‘Ballet is woman’ insisted George Balanchine, but ballet can also be a big man in a dress as any fan of Les Ballets Trockadero de Monte Carlo will testify.
The Trocks began life in 1974, dancing for a select few in pop-up performance spaces in Manhattan, but the troupe’s irresistible blend of low comedy and high art soon outgrew its coterie audience. By the mid-1980s it was a fixture on the national and international tour circuit. Japan, with its ancient tradition of cross-dressing onnagata, is practically a second home.
Classical ballet has long been a soft target for physical comedy — think of Freddie Starr retrieving a packet of Rothmans from the ‘lunchbox’ at the front of his tights or Morecambe and Wise joining the four little swans. The first few dozen laughs in a Trocks show come easily. The bogus cast-change announcements, the corps of squabbling swans and the bottle-blond premier danseur all serve to tenderise the audience in readiness for the ballet history lessons that follow. Tutus predominate but the eclectic back catalogue offers an impressive stylistic range, with sly pastiches of August Bournonville (a ditzy and delectable Napoli pas de six), Balanchine (Go For Barocco) and even Merce Cunningham and John Cage, who are mercilessly satirised in Patterns in Space set to a live score for electric razor, bubble wrap and aspirin bottle.
Last week’s mixed bill at the Peacock kicked off with a painstaking piss-take of Michel Fokine’s 1909 Les Sylphides, a love letter to the vaporous charms of the romantic ballet in which a fey young man in a beribboned velvet jerkin and Veronica Lake coiffure wafts around a moonlit glade with a bevy of mysterious maidens in white. The gags practically write themselves: steps are forgotten, entrances fluffed, stars upstaged. But just as the audience is relaxing into the comedy, Nina Immobilashvili (aka Alberto Pretto) unleashes her grand jeté, Nina Enimenimynimova (Long Zou) swizzles silkily through another pirouette en attitude and the realisation dawns: these jokers can really dance.
Bravura technique, as the late Pina Bausch once put it, ‘is a lollipop’: delicious but not particularly sustaining. Even when played straight, ballet is never just about balances, high kicks and spins. It’s an art, not a sport and some of the all-time greats would have struggled to score a perfect ten. Trocks dancers clearly relish showing off their tremulous petits battements and shimmering gargouillades but they know that these stunts are two a penny. The world’s ballet companies are stiff with pyrotechnicians. What they don’t have are ballerinas: magical beings who seduce the eye and touch the heart, infusing well-worn steps with a potent blend of drama, musicality and ego.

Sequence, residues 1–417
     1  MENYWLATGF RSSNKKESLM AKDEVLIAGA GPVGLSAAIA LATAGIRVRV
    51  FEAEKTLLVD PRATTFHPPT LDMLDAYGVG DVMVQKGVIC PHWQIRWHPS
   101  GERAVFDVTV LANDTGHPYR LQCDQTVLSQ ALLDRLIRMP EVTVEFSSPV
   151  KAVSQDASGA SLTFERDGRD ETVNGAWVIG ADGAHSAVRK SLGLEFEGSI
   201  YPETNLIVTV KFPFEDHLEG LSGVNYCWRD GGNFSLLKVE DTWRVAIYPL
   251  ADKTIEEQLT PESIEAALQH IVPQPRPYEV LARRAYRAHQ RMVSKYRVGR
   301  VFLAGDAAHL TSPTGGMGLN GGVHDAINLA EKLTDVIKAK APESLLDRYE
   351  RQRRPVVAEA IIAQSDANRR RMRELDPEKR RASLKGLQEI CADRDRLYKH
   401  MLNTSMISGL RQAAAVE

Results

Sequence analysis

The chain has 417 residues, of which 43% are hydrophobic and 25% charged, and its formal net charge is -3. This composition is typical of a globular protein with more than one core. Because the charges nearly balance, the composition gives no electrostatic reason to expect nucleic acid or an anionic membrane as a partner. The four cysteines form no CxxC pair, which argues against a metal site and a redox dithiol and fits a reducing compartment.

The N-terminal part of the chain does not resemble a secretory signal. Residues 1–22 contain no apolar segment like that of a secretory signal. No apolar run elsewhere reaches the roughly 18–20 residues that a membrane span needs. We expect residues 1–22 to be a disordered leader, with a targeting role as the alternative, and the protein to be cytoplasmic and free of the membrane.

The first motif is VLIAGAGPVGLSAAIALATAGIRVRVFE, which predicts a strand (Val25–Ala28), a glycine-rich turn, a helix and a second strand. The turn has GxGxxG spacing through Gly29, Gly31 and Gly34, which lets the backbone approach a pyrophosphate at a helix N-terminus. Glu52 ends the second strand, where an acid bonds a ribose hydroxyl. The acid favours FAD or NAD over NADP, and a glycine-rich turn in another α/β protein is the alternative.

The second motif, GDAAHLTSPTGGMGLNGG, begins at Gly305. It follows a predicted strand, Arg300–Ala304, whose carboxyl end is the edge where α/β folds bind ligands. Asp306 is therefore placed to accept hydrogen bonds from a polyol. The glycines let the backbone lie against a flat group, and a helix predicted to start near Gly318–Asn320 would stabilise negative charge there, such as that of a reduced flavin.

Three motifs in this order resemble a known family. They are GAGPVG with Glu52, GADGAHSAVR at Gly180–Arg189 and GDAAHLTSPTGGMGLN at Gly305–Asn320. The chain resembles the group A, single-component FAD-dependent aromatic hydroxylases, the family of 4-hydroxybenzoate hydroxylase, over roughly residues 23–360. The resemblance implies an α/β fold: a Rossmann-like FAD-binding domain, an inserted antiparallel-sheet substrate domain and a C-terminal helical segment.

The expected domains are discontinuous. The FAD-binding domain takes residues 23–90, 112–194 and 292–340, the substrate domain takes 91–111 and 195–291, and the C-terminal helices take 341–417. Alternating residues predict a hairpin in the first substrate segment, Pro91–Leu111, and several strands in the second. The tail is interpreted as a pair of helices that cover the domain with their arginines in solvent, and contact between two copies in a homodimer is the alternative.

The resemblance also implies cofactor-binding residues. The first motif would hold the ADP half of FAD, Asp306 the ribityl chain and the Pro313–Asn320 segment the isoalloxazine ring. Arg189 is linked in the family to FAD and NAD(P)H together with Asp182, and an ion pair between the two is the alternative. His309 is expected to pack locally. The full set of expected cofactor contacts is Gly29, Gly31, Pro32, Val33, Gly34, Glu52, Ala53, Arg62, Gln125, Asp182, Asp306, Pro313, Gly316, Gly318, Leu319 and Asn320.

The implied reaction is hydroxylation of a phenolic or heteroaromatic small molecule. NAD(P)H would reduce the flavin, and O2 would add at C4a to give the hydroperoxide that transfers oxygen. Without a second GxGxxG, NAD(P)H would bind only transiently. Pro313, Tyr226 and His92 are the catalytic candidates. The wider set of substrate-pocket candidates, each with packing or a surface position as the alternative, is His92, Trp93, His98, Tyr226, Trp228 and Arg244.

Watch a Trock embark on a solo and see how cleverly the comedy is woven into the fabric of the dance: the preening pride as those huge pink satin feet tiptoe clear of the wings; the imperious nod to the (non-existent) conductor; the micro-pause before the fun begins. A big bloke machine-stitching a pas de bourrée from wing to wing will always impress but it doesn’t matter if the footwork is fudged because these divas have more subtle pleasures to offer. Even without the luxury of a tame conductor they inhabit the scores with an instinctive musicality and the steps are enhanced by their luscious use of epaulement. This all-important interplay between head, arms and shoulders is a lost art in many companies but the Trocks are sticklers for it, exaggerating each tilt of the head, each shift in alignment to create a comedy masterclass in ballerina allure with monster false eyelashes that weaponise every glance.
This scaling up of the old-school tics and mannerisms can be extraordinarily illuminating, like a familiar object placed under a microscope. A super-sized ballerina — Eugenia Repelskii (Joshua Thake) is over six foot six on pointe — amplifies every step, laying bare its mechanics and revealing the little tricks of timing that enhance its impact. Her Amazonian proportions also supply a rich seam of comic opportunities — as when she resorts to doing the lifting in her duet with the tiny Boris Dumbkopf.
Many of the sight gags in the current programme play on the mismatch between a jumbo ballerina and her pipsqueak porteur. ‘Straight’ ballet was making comedy capital from this before the Trocks were born or thought of — Frederick Ashton, Jerome Robbins and Kenneth MacMillan all had huge fun with the pas de deux gone wrong — but few mainstream ballet dancers could subsist on a comic diet without degenerating into the broadest slapstick. They haven’t the stamina — or the humility. Even after 44 years the Trocks retain that big-hearted vaudevillean abilityto bring old material to life, nightly re-energised by admiring laughter and grateful applause.
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